Copy content from one language to another
The Conditions website exists in five languages. Dutch, French, German and then additional localizations for The Netherlands and Luxembourg. Although they also speak Dutch, German or French there, each country has different legal terms.
To make it easier for a content manager, we added a feature that allows him to copy content from one language to another and only edit the things that are different for the new language.
- Content managers first decide in what languages they want to create the new content by checking the appropriate boxes.
- Next up, he fills out the form fields for that language.
- Once this language is completed, he can decide to copy the field contents to another language by using the dropdown at the bottom.
- By switching to another language with the tabs at the top, he can then tweak the content in those languages without having to fill out the entire form again.
Split and locked fields for consistency
To make sure similar content was formatted in the same way across all promo pages, we implemented two features that made sure that recurring texts were not editable by the content manager.
The section where legal texts like the consumption and emissions have to be filled out has been split into four different input fields (see above). Although this feels like a slower workflow compared to just one field, we made sure content managers could use the TAB-key on their keyboard to quickly navigate from field to field. Having four different fields helped us to format these informative snippets the same way on all different model pages.
In the screenshot below you can see that some form fields are already pre-filled. These fields are disabled, which is indicated by an icon so users know they can’t update these fields. Why even show these non-editable fields? Simple: to help content managers understand how editable and non-editable content is related to each other.
Automatic calculation of the model pricing
The screen above is the overlay where prices and discounts are entered. Because of our setup in five languages, this screen had to be as flexible as possible: prices and taxes differ from one country to another. On top of that, there is also a service tax that only applies to The Netherlands that needs to be added to the price. It gets complicated quickly…
To prevent wrong pricing information on our website, we kept manual fields to a minimum. When a starting price and one or more discount were entered, the system calculated your total discount and the final price for you.
Duplicate, archive, publish and unpublish content
Anybody working with content can tell you it’s a time consuming task. To lift some of the strain our marketeers experience while maintaining the web content, we’ve implemented features to help them plan their work.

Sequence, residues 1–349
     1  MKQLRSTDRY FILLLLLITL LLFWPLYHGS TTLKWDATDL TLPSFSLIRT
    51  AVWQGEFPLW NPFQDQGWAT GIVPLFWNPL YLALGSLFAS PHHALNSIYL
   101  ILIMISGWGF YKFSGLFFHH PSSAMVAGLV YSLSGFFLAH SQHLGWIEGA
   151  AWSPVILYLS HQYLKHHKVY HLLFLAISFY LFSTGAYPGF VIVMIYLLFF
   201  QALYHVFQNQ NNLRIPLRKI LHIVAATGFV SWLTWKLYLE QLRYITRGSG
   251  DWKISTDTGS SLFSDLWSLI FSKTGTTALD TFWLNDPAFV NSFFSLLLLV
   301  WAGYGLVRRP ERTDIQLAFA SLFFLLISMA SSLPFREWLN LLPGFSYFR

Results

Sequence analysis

Sometimes the promotion for an A160 and an A180 model might not be that different at all. So, we made it possible to configure one promotion and then duplicate this node. All linked content pieces like pictures, option packs etc. are duplicated as well so marketeers can then edit the newly created model without altering information on the old one.
We also made sure it was possible to configure new pages on the website and schedule when they should be published and unpublished. That way, content managers could better plan their work and feel confident all content would be online at the right time.
One of our goals was to create a responsive, fast platform. To make sure we delivered on this promise, we decided to develop the front-end in React & Redux. Although the design looks simple enough, some elements like the navigation header and the slide-over panels were pretty challenging to develop. We started out by developing individual components and later on grouped them together to make fully functional screens.
All content was stored in a Laravel back-end and passed to the front-end through APIs. Thanks to some talented developers we managed to produce a very fast website.
Another benefit of our React/Redux setup was the fact that multiple people could log in and edit content at the same time without overwriting each other’s updates.
After launching the new website and CMS right before the 2017 Brussels Motor Show, we kept on improving the end-user experience, the content manager experience and the platform performance for two more years:
- We reworked both the homepage and a detail page based on learnings we took from metrics and user feedback. We added the option for marketeers to create promotional landing pages with additional info and an overview of models to which that promo applied.
- We also made tweaks to our technical setup to increase the performance and stability of the system.
After two years of working on our Conditions platform, the Mercedes-Benz website also got an update. At that time, it made more sense to migrate all promotional content to the main product website and retire our own custom platform.